“So, what does the other guy look like?” Miguel asked, jokingly.
From behind Brett, Bunny put his forefinger to his lips in a shushing motion telling Miguel to cool it.
Brett didn’t notice. It hurt just to walk. There was ample evidence on his face that he had been in a fight.
Standing behind Brett, Bunny silently held up five fingers.
Miguel’s eyebrows shot to his hairline and Miguel mouthed “Five other guys?”
Bunny nodded his head in confirmation.
Bunny let Brett get ahead of him.
“Tell the guys were are in Indian country. The boss got jumped by five thugs last night. If they don't understand what Injun Country rules are, explain it to them” Bunny said. "And you might tell them this is not a good day to give the boss any shit."
“So, getting back to the original question, what do the other guys look like?” Miguel asked.
“I talked to the waitress. She said that four of the five were carted away in ambulances. Lots of busted furniture. The boss air-mailed one of them through the plate-glass window” Bunny said.
“Did the police file charges?” Miguel asked.
“Nope. The waitress heard everything. The thugs claimed the boss called one of them a ‘nigger’.” Bunny said. "The boss didn't say a word, just took care of business."
“And the cops believed the waitress?” Miguel asked.
“They should. She grew up in West Africa before coming to school over here. I reckon she knows the word ‘nigger’ when she hears it.”
After dropping the phone off at the courier for hand-carried, overnight delivery to Houston the previous night, Bunny did damage control.
Brett had already offered his company card to pay for damages. The manager was stunned. Nobody ever offered to pay damages. That is what insurance was for. Brett insisted that he draw $5000 and told the manager to reverse charges for what wasn’t used. Insurance doesn't cover everything.
Bunny tipped Judi, Brett’s waitress, a $100 and assured her Brett was going to be fine. He also apologized for the mess and extra work and hoped she would understand that Brett would not be eating there anymore.
Making a wild stab in the dark, Bunny ask Judi if she was the one who had found the phone and given it to Brett.
It was a good guess. “Yes, mister it was me. I saw what that girl was trying to do and there was no way I could let her have that phone back.”
“How did you get it from her?” Bunny asked, curious.
“She left it on the table when she go to help her boyfriends. She a little late though. She the one the big boy throw trew da window.”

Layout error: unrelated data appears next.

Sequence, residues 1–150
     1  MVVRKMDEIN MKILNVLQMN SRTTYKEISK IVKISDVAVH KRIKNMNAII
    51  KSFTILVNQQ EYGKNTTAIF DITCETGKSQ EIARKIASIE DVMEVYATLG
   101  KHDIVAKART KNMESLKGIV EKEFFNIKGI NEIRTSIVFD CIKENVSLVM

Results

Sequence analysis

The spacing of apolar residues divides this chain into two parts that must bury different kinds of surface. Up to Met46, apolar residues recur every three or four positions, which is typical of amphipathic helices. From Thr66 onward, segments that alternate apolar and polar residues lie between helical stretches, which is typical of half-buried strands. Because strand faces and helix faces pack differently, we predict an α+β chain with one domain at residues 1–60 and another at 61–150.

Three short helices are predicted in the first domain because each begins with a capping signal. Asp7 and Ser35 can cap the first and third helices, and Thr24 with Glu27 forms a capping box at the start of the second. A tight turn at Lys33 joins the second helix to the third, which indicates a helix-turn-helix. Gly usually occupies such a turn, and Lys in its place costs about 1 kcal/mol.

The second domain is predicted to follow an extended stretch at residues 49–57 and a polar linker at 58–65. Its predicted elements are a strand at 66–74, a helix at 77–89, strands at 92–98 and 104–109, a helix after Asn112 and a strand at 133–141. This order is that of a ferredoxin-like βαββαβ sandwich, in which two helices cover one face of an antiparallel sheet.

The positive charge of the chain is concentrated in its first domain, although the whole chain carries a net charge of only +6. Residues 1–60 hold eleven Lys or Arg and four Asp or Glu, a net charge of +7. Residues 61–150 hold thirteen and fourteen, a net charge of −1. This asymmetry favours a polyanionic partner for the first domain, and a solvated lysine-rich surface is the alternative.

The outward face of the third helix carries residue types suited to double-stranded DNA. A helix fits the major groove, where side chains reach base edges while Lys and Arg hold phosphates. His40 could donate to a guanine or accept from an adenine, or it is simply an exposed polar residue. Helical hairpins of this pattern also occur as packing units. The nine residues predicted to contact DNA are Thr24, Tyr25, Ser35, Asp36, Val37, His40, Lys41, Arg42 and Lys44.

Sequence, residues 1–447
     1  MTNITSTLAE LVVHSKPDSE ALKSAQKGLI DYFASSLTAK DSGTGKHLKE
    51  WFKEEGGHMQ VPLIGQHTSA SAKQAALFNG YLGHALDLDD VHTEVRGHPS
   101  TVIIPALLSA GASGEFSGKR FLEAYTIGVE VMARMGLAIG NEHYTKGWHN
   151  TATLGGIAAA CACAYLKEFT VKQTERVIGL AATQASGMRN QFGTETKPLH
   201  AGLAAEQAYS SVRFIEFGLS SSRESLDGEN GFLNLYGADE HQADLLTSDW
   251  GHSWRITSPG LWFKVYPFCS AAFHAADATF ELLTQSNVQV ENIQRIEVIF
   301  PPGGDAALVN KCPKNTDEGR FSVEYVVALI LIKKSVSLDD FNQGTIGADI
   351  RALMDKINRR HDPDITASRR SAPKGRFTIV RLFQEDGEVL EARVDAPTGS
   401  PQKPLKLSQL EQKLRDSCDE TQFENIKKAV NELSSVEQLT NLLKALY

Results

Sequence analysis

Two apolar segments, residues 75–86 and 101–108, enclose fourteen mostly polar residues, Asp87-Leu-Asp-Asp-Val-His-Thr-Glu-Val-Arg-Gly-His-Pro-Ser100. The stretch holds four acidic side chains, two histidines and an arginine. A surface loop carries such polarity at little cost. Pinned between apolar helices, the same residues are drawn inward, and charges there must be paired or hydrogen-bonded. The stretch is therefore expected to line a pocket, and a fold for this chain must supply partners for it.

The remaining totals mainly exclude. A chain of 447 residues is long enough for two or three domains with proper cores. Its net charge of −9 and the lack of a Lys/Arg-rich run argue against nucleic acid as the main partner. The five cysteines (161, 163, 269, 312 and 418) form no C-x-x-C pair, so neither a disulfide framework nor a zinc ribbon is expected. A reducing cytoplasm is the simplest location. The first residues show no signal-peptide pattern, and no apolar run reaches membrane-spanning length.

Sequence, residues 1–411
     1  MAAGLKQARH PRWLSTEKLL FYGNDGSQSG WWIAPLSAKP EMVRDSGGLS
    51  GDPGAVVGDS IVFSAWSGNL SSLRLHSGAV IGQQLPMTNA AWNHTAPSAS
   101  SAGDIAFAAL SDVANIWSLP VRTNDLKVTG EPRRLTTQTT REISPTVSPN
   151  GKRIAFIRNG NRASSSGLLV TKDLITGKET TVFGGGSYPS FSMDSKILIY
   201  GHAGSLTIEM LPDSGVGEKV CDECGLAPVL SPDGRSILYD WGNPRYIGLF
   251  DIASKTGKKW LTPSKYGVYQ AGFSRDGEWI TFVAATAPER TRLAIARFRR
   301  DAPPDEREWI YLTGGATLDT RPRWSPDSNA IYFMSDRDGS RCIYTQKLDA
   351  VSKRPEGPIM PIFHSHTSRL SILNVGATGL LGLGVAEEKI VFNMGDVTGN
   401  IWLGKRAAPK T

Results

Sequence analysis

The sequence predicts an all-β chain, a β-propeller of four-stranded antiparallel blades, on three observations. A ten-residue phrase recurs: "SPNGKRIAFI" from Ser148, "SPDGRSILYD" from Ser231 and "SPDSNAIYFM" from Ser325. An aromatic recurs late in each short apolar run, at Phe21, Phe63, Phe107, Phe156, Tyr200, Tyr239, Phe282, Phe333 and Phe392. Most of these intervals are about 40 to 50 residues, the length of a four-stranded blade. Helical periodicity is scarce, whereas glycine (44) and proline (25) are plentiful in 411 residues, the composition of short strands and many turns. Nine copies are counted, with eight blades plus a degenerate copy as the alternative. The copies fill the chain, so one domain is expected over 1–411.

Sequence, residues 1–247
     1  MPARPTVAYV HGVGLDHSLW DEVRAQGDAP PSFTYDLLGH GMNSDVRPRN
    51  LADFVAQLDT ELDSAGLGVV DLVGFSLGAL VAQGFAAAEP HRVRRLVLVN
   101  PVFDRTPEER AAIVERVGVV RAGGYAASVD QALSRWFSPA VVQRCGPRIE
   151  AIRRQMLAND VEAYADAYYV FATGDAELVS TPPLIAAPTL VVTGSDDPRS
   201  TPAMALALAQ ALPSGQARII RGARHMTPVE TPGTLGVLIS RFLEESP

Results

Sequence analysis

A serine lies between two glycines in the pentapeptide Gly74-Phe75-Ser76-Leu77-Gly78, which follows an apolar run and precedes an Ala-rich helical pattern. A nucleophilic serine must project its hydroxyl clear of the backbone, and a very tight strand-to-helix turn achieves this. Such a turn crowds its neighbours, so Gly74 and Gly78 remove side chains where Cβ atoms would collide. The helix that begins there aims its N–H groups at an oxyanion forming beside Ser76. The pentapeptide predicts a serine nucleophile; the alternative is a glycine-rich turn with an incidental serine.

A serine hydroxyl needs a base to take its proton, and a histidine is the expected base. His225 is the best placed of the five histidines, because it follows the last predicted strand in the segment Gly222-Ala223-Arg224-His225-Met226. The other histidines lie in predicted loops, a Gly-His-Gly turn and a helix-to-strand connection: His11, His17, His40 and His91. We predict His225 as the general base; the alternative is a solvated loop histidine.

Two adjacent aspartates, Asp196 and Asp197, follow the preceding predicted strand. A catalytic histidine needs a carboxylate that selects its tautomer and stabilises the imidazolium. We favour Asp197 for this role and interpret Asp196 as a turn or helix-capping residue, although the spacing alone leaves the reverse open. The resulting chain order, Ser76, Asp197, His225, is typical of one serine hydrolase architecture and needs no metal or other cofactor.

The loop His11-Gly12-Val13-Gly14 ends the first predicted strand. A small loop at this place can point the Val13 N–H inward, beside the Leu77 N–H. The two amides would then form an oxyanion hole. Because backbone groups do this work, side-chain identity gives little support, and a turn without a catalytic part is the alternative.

Bunny had been in his fair share of “scuffles”. He knew better than to ask Brett what happened. It just turns into a blur. Bodies in front of and behind you. Hands grabbing you. You don’t see faces or colors or clothing. You see targets and act accordingly.
Bunny peeled a couple more hundreds out of his wallet and a business card. “I don’t know what you get paid, but if you ever want to make real money, get a job working in the petroleum industry. Tell them Bunny Hefflescour sent ya.”
"Show them the card. I ain't like some people. I might hand out two business cards a year. They mean something."
She gave him the look. She wanted to take them but it didn’t seem right.
“I am going to leave them on the table. Either you get them or the bus-boy does.”
And then Bunny walked out.
Bunny’s next call was to Brett’s boss. Bunny explained what he knew and said the phone should be arriving by courier early the next morning.
The tech weenies in Houston sucked out the phone's brains and rapidly parsed through it with big-screen monitors.
A half-hour after they had downloaded it, Brett’s boss was on the phone. He didn’t call his Representative or Senators. He called his competitors.
Invariably, his competitors answered with “Good morning Mikhail. What can I do for you?”
They were cut-throat competitors but some issues transcend simple business. Nobody used the private numbers unless it was important. VERY important.
Mikhail prefaced the conversation with “We have a problem.”
The second thing he said was "I have a video I want to send you."